Long process before new Chapin school materializes, citizens to be vigilant
“It’s one piece in our puzzle of great schools in District Five”, said Board Chairman Robert Gantt. “We have overcrowding in our district, it just seems like the right decision to address the future growth of this district.”
While the district set aside $1 million in its reserve fund to purchase property for a new elementary school, there is a lot of work to do before any construction begins.
PHOTO: More than 200 turned out for Monday’s meeting. (Sandy Coots Photo)
“The administration will work on finalizing the purchase of the land, then creating a proposal on how to best fund construction of the new school,, explained Katrina Goggins, the district’s director of communications. “No timetable has been set when the funding proposal will be presented to the Board or when the new school will open.”
The district has a policy that outlines the selection of contracted entities.
“This is the policy that governs how the district chooses an architect and contractor to build schools”, Goggins said. “No contracts have been entered into at this time.”
Another discussion that must be had involves rezoning and how the district will determine who attends a particular school.
“A new school will obviously include some rezoning”, noted Goggins, “but we are several steps in the process away from this.”
While district officials work through the process, citizens groups vow vigilance.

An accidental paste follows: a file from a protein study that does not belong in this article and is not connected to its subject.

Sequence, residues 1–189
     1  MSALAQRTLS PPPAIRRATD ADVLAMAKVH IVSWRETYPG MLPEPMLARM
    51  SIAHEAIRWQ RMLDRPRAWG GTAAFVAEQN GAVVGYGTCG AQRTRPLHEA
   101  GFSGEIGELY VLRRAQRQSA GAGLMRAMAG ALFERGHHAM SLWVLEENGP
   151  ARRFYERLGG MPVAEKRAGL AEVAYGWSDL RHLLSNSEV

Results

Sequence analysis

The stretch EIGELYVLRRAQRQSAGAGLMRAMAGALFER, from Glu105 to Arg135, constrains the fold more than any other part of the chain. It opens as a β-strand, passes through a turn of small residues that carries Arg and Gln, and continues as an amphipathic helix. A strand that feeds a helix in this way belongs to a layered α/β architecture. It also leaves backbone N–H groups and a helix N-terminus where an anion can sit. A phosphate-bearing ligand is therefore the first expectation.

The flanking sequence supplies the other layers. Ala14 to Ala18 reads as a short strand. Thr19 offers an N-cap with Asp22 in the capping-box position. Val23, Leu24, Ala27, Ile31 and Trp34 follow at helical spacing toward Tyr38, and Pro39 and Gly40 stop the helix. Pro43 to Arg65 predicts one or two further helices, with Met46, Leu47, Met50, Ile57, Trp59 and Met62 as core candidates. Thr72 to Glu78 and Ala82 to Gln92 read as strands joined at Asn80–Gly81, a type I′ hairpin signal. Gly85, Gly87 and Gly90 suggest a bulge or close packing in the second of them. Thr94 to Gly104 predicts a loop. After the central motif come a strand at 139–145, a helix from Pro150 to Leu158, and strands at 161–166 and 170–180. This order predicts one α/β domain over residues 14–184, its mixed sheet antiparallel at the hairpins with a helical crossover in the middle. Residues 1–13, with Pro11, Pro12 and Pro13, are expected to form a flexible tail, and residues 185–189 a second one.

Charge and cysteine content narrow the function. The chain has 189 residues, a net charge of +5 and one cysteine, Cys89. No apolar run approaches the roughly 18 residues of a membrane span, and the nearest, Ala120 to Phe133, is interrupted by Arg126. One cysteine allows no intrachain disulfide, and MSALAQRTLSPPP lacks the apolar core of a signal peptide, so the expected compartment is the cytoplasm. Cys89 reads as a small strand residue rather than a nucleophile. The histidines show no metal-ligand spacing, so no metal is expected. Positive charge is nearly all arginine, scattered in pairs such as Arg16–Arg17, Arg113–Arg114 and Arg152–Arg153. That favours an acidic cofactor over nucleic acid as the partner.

Many Chapin area residents were opposed to the site on Amicks Ferry Road for the new school. Dozens attended school board meetings since the beginning of the year to question the board and voice their opposition. Despite the vote not going their way, opponents said they are grateful for the coalition created.
Mike Whitehurst posted the following on the ‘Save Amicks Ferry Road’ page on Facebook, “thank you to our great community for your support at last night’s board meeting. Though last night’s decision did not go as many of us would have liked, I was so proud of our community’s involvement. As Chapin goes through its transformation, I am encouraged to know that our community is willing to engage in the process.”
“We have built strong relationships with some wonderful people in our community, and we plan to keep those relationships going”, said Charli Wessinger who created the Facebook group. “As we move forward, we will be following the school board to ensure they follow their own policies in regards to their initiatives, continue to focus on community relations and work to collaborate with various agencies.”
“Although we are all disappointed in the board’s decision, it is wonderful to live in a country where civil discourse is possible,” said Mark Timberlake via Facebook. “I’m very proud of the way our community stayed composed tonight. I do not agree with the decision, but I can sleep well knowing we did our best to make sure our voices were heard and hold the board accountable to its citizens. If the voters don’t like how the board is being run, it’s up to us to make changes.”